“All I remember was they came and got me at 3:00 in the morning,” Jordan Brown said. “[They] put me in the back of the car and they took me to the police barracks. And I was in there. And then they took me straight to the county jail. And I had no idea where we were going. I wasn't with anybody. It was just a bunch of strangers dragging me around.”
Just 18 hours before, Chris Brown had lost his fiancée and unborn child. Now, he was losing his son.
The arrest of an 11-year-old for murder quickly gained wide media attention, and suddenly Wampum, Pennsylvania, a town with a population of roughly 600 people, had millions of eyes on it.
“That mug shot of Jordan Brown that sort of became an icon of the story spread across the world,” said Pittsburgh-based ABC affiliate WTAE reporter Bob Mayo.
When his mug shot was taken, Jordan Brown said he had been crying the whole night. Just a fifth grader at the time, he said he didn’t understand of what he was being accused.
“I didn't understand what was happening. I didn't know where I was at, what was going on or anything,” he said.
Police said what really turned the case for them were additional interviews they conducted with Jenessa and Jordan the night of the murders.
“When we interview someone, you expect them to give their account, wait a little while, we interview them again, and they should give the same account. And I don't know if that happened in this case,” Martin said.
In fact, police said, in his second interview, Jordan changed his description of the black truck and added that there was a person inside with a hat on, ducking down.
When Jenessa was re-interviewed, police said she had a startling recollection. Police said she told them she saw Jordan moving his guns that morning.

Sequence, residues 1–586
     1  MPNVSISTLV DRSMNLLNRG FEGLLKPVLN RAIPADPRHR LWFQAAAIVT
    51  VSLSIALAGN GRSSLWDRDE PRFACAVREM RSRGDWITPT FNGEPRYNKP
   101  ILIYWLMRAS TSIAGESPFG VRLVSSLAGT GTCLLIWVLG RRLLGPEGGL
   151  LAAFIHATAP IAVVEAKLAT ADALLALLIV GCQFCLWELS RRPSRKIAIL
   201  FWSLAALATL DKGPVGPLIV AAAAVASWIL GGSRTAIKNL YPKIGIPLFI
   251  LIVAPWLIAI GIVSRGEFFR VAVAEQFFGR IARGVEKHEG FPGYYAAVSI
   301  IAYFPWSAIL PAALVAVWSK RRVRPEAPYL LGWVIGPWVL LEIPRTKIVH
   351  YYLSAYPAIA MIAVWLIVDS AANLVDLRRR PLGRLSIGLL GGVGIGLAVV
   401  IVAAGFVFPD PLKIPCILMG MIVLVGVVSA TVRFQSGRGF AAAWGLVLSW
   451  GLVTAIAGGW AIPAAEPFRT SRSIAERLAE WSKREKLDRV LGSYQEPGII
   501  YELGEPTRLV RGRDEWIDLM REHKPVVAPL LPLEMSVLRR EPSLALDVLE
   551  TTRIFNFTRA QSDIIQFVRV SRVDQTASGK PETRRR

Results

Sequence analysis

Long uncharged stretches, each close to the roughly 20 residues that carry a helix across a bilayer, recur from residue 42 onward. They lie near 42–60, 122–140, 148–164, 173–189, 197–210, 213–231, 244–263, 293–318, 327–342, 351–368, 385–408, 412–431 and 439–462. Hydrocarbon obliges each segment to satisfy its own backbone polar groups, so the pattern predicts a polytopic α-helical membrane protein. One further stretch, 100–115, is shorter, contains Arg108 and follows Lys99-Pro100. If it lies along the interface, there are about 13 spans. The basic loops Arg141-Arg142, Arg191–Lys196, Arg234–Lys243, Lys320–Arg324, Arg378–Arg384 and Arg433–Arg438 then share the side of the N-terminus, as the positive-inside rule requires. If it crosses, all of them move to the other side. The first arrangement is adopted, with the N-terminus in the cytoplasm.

“[Then] she told me that when she was waiting downstairs for Jordan to come downstairs and go get the school bus like they normally do, she heard a big boom and she identified it as the sound of a gun,” added retired Pennsylvania State Police Trooper Bobby McGraw.
Jordan denied to "20/20" doing anything with his guns that morning, saying “I never touched them.”
Martin said the autopsy report determined that Houk had been killed with a shotgun and she had a single gunshot wound to the back of the head.
“I have never expected to have the murder weapon to be a shotgun,” Martin said. “It's more of a weapon of opportunity. It’s not a weapon that someone's going to carry across the field or carry up a driveway. It's three feet long.”
Inside the Browns' farmhouse, police found a collection of handguns, rifles and several rounds of ammunition. They also found a 20-gauge shotgun that belonged to Jordan Brown. Investigators on the case told "20/20" in that rural area of Pennsylvania, “It’s fairly common, most – especially young males – would grow up with learning to shoot firearms.”
“We had a youth model shotgun in the house that had smelled like it recently had been fired,” Martin said.
But he added that Jordan's hands were never checked for gunpowder residue.
Police also said they found a 20-gauge shotgun shell casing in pristine condition next to the family’s driveway the next day. Trooper McGraw believed Jordan threw the shell to the ground as he was walking to the bus the morning of the murders.
“He kept talking about… a piece of fuzz, and ‘I got it out of my pocket and I threw it.’ In my opinion, he was focused on the shotgun shell casing that he threw after he left the residence,” McGraw said.
Jordan’s motive, McGraw believed, was that he was jealous of the new baby.
“In my opinion, [it was] jealousy, jealousy of the impending birth,” he said.
After the arrest, prosecutor John Bongivengo told reporters he was confident in his case against Jordan Brown.
“It’s difficult to charge an 11-year-old with homicide. You have to be sure enough to charge him,” Bongivengo told “20/20.”
At a time when headlines called Jordan “America's littlest monster,” he was at an age where he still believed in Santa Claus. Elisco said that moniker “fueled the media frenzy and the presumption of guilt that stayed with the case throughout."
Early in the investigation, a number of people including Chris Brown told police they should look into another person -- Houk’s ex-boyfriend of six years, Adam Harvey.
“The police asked me if there was anybody out there that I thought would've done something to her. And the first person that comes to mind was Adam Harvey. She feared him,” Chris Brown said.